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The Chemistry of H2O
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The Chemistry of H2O


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  • examples: oxygen diffusing into the capillaries of the lungs, water moving into a living cell
  • Remember: a solvent is the substance into which a solute is evenly distributed in a solution
  • The cohesion of water molecules to each other is exploited by plants and animals.
  • HCl can have a pH of 1 to -2, depending on the concentration NaOh can have a pH around 13 (depending on concentration)
  • Transcript

    • 1. The Chemistry of H2O Science is Organized Knowledge
    • 2. Diffusion• Mixing due to molecular movement is called diffusion. – All particles of matter are constantly moving. • gas molecules move in straight lines until colliding with other molecules • liquid molecules slide in one direction, but are "pulled" by the bonds they have with the molecules around them • even in solids, atoms move by vibrating in place – those movements allow other molecules to enter the space around them Diffusion Animation Equilibrium is reached when the two substances are evenly mixed.
    • 3. Diffusion Rates• The rate of diffusion measures how fast molecules disperse. – A slow process, because it depends on the random movement of molecules.• Rate of diffusion is affected by: – concentration gradient: the difference in concentration of a substance across space • molecules always move from an area of higher concentration to an area of lower concentration – temperature & pressure • higher temperature = faster moving molecules • higher pressure = more frequent collisions • The size of molecules also affects diffusion rates –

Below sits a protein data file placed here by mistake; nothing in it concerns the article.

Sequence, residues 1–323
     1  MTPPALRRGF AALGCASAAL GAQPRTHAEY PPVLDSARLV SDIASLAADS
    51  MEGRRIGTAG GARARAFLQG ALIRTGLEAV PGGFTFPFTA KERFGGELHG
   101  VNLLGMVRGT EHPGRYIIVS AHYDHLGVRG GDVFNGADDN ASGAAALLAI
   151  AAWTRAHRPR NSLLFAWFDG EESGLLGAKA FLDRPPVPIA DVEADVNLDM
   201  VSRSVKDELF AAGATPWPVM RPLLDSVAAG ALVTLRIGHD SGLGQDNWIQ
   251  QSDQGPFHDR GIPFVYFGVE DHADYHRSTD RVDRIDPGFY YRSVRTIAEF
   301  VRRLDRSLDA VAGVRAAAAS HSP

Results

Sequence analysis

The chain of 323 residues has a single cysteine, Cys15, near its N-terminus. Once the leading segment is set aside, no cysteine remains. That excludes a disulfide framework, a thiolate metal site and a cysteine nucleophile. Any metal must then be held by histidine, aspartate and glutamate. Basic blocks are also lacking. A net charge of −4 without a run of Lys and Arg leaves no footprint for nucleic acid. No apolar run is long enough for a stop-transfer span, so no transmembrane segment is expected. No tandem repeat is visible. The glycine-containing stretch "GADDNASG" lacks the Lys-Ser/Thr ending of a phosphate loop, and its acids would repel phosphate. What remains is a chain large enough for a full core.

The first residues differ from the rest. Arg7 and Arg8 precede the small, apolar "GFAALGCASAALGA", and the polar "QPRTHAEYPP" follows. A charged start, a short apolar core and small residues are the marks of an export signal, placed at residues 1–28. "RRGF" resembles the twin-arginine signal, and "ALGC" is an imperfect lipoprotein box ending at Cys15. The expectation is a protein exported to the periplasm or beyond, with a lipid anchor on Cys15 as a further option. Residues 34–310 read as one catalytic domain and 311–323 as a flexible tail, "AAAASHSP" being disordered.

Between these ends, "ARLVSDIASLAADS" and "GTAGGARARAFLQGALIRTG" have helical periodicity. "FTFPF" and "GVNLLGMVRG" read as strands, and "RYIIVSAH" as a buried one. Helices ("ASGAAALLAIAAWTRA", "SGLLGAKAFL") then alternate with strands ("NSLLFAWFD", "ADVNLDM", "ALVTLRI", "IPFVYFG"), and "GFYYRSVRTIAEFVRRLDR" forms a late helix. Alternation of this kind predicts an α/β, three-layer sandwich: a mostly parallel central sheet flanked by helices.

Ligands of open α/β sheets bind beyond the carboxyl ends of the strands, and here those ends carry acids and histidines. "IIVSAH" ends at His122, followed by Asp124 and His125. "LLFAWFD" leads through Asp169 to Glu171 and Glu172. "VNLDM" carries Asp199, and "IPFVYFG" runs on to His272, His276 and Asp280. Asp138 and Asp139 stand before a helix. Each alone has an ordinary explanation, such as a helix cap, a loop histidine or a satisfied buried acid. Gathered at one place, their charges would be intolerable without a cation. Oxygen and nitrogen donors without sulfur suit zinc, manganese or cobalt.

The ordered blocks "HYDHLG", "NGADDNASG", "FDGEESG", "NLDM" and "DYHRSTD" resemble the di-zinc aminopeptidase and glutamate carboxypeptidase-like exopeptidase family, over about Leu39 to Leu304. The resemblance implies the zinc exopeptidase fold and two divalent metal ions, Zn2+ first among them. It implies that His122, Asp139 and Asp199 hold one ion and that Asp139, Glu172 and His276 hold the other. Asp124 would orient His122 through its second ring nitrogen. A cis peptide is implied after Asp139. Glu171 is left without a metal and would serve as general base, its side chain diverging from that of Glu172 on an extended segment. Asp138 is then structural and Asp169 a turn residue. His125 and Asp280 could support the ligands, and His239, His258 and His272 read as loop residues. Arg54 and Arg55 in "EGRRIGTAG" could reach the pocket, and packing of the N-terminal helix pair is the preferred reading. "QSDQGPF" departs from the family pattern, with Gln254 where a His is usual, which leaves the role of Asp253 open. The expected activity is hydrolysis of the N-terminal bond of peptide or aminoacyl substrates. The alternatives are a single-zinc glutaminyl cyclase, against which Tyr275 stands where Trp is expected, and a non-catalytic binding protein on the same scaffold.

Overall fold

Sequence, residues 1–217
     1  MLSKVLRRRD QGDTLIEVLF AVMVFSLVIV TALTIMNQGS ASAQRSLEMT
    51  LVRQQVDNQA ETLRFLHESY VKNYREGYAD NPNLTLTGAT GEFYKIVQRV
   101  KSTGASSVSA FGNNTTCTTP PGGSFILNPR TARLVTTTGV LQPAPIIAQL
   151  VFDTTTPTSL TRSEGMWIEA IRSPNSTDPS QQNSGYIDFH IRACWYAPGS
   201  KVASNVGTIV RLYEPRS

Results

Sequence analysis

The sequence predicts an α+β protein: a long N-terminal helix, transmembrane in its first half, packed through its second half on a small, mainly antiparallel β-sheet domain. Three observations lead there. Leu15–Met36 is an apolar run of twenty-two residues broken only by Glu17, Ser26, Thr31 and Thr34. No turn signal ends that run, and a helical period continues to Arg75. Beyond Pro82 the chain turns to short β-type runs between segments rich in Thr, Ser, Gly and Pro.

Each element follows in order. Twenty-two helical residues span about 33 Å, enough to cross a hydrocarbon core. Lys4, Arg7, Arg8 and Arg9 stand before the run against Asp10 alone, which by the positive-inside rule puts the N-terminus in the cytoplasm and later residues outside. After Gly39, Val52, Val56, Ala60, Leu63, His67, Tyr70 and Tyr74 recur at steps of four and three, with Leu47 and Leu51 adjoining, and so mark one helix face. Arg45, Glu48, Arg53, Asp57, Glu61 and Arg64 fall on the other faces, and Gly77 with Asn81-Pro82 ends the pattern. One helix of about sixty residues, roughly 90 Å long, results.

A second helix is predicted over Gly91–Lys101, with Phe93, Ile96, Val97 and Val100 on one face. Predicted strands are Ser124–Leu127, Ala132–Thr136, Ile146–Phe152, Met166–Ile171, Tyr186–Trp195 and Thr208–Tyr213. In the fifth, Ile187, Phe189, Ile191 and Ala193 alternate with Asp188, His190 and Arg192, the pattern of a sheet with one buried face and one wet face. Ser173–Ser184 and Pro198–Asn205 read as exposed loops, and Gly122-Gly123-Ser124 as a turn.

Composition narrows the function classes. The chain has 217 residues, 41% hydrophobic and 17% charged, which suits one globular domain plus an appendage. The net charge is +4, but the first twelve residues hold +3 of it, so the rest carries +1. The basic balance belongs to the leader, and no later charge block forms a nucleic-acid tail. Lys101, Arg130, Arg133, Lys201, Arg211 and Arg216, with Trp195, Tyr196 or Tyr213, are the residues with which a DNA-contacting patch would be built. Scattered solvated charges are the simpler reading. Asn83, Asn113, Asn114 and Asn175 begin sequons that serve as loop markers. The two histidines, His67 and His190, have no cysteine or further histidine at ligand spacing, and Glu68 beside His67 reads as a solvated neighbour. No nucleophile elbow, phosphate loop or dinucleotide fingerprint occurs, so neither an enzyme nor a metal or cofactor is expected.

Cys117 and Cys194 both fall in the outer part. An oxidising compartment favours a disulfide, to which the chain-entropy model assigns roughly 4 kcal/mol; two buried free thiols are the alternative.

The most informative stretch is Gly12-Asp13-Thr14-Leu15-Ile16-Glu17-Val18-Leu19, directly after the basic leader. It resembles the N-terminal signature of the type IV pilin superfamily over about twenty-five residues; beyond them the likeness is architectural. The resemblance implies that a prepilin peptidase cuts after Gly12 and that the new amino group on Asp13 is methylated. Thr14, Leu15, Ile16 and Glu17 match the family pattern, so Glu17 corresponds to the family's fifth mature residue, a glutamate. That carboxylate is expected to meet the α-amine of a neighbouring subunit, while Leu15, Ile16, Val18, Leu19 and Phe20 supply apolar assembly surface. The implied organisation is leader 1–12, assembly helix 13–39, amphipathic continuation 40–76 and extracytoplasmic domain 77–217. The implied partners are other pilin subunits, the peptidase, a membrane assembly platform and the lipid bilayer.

• 4. Osmosis• Osmosis is the diffusion of water across a semi-permeable membrane.• A membrane is like a net. – will not let bigger molecules through – some small molecules will collide and bounce back
    • 5. Interactions of Water • Nonpolar substances are hydrophobic – literally means "water-fearing" – will repel water – disperse into fats (oily or greasy substances) – i.e. oil & water do not mix
    • 6. Hydrogen Bonds in Water• The polar nature of water results in hydrogen bonding – weak attractive forces between the negative Oxygen end of the molecule and the positive Hydrogen end – gives water many unique physical and chemical properties